A team of specially trained students will create and lead programs related to health and wellness next year as part of a new Peer Health Educator program.
The initiative, run under the auspices of the Cox Health and Counseling Center, will employ student workers to provide outreach and education to other students in areas such as sexual health, alcohol and drugs, stress management, nutrition, physical activity and more, according to Holly Levin, interim director of wellness and associate director of health promotion.
“With oversight from professional staff, students will take the lead in creating, promoting and implementing programs," she said.
“With oversight from professional staff, they’ll create programs, they'll market them, they'll implement them and kind of be the ones leading that charge of the events that they create,” she said.
Peer education programs are considered to be a national best practice for their ability to reduce high-risk behaviors and positively impact the overall well-being of the student body. Levin, who previously led a similar program at Boise State University in Idaho, said evidence shows that students are more likely to engage with their peers than staff members or health officials.
“A lot of times we can underestimate the impact that students can have on each other,” she said. “We know that a peer-to-peer approach has shown success.”
At Kenyon, student workers will go through special training before the start of the academic year and be certified through the National Association of Student Personnel Administrators’ Certified Peer Educator program.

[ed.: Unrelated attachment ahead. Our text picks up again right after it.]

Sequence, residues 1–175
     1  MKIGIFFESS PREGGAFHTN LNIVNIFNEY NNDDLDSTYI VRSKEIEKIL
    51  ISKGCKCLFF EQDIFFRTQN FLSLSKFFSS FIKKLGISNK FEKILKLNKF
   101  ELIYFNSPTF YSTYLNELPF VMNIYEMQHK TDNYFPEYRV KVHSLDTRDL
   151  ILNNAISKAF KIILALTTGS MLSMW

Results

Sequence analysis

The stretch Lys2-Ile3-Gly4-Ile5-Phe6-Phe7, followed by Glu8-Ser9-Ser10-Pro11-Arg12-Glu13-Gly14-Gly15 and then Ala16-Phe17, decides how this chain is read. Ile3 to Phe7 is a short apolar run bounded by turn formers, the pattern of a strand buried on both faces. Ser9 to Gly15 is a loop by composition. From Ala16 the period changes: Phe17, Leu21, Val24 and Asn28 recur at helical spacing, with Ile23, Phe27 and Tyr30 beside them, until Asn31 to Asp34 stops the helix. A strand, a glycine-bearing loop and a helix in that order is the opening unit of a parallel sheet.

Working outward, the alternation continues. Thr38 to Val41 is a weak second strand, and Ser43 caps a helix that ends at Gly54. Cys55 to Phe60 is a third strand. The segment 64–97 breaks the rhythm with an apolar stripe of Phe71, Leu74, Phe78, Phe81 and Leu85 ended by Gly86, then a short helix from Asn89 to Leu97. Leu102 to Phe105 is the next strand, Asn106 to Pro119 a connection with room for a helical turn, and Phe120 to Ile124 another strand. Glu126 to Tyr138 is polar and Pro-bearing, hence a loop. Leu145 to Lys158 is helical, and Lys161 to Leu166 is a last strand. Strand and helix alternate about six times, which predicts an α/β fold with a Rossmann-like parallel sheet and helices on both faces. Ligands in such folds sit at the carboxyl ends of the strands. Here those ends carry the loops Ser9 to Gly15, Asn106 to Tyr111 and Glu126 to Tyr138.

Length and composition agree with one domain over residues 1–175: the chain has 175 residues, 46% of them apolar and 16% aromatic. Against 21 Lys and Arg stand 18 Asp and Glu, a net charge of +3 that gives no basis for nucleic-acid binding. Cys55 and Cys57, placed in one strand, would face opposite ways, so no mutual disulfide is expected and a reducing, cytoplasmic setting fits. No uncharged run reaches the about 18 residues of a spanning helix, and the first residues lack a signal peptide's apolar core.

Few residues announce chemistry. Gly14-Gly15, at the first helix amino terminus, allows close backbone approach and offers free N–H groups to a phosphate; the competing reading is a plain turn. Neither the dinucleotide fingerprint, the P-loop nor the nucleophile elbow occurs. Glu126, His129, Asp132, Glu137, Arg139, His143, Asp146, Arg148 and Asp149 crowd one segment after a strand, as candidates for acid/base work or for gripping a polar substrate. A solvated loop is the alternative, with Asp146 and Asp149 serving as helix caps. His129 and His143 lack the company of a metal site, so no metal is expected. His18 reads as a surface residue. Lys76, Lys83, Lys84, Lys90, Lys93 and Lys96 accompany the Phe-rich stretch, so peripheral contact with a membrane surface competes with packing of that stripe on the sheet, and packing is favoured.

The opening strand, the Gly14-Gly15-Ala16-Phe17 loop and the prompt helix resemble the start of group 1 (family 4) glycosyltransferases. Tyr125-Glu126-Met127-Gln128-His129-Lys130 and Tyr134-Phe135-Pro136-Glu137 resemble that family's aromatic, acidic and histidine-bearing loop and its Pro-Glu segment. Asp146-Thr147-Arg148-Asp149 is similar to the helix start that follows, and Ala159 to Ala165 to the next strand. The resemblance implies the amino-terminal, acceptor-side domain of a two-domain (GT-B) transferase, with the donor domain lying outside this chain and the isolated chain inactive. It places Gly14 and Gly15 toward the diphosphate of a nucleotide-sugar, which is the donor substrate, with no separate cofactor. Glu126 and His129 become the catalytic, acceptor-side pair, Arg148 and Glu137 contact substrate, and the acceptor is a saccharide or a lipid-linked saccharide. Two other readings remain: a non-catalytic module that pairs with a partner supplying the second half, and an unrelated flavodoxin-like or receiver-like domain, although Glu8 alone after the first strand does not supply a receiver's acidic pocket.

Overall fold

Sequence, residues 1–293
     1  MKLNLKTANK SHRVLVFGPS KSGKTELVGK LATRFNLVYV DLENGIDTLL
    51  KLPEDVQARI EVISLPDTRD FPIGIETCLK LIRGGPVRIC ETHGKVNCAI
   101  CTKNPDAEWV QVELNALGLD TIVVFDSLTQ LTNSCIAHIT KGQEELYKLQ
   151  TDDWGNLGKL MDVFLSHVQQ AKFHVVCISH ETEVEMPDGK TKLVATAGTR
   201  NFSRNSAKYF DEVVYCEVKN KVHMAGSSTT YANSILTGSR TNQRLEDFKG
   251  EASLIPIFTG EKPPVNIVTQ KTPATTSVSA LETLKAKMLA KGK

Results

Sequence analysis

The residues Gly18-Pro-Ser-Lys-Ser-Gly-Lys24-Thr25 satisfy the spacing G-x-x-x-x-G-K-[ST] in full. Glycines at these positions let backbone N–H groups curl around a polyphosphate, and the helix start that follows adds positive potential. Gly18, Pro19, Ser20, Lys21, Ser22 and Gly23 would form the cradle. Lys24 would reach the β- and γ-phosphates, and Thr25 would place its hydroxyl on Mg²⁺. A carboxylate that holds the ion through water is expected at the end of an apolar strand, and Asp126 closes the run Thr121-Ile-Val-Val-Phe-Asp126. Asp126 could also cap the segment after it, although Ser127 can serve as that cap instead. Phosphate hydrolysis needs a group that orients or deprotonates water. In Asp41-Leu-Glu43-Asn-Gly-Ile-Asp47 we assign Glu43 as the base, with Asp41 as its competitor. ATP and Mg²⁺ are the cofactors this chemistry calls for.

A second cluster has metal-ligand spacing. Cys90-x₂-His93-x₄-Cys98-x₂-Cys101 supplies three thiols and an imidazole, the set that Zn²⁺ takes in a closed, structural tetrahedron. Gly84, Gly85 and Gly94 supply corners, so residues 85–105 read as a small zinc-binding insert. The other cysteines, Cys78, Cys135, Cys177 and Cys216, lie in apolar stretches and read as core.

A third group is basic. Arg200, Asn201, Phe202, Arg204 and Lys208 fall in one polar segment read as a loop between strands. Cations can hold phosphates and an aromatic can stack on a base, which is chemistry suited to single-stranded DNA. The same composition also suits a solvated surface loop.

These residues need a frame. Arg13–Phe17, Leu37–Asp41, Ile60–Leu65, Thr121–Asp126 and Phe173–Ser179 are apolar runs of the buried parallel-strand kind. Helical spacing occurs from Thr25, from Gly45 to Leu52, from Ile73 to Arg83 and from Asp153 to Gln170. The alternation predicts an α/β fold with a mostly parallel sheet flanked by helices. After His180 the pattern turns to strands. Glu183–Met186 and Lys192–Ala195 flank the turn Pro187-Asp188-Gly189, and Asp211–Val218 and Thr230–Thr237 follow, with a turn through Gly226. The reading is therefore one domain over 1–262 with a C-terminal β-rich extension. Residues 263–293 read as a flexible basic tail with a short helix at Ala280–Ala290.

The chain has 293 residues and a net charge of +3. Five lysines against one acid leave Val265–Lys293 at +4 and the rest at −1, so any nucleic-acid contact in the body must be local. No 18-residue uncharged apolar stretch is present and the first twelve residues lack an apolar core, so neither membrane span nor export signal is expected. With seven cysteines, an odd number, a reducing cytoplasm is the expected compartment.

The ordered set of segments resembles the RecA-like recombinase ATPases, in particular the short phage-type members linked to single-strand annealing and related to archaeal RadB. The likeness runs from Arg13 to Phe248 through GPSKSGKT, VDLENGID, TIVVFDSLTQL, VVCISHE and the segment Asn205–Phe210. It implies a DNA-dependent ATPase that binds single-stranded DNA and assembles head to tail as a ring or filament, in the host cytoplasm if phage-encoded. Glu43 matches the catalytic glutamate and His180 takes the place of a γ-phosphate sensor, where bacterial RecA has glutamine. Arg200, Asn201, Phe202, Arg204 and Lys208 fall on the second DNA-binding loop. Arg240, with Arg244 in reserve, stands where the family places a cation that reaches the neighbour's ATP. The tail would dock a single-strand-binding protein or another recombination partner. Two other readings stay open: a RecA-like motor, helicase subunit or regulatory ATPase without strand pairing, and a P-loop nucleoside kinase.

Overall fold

They are expected to use their own experiences on campus to tailor programming to the sorts of social and academic pressures routinely encountered by students. Potential events could include late-night programs, partnering with Community Advisors to bring education to the residence halls, tabling in Peirce Hall, and even hosting a well-being retreat or bringing in speakers related to mental health.
Offerings could focus on finding a sense of belonging, recognizing signs of high stress, and developing mindfulness and coping skills. Students — who will act as liaisons to campus organizations — will help their fellow students connect with clinical services at Cox and develop resources to promote better balance in the six dimensions of wellness: emotional, physical, spiritual, social, intellectual and environmental.
“They will be valued members of the college community and looked to as student leaders,” Levin said. “I'm excited to get this rolling.”
All student participants will be paid to work about 10 hours per week. Applications are expected to be available at some point in February for the program, which will be funded by a nearly $70,000 grant over two years from the Ohio Department of Higher Education.
Vice President for Student Affairs Celestino Limas said the College is grateful to Levin for bringing the Peer Health Educators concept to life and for partnering with students in health promotion efforts.
“The way the Peer Educators will be an authentic part of the Office of Health Promotion is another avenue to assist students in their decision-making over their four years on campus, and I cannot wait to see all they will achieve this fall,” he said.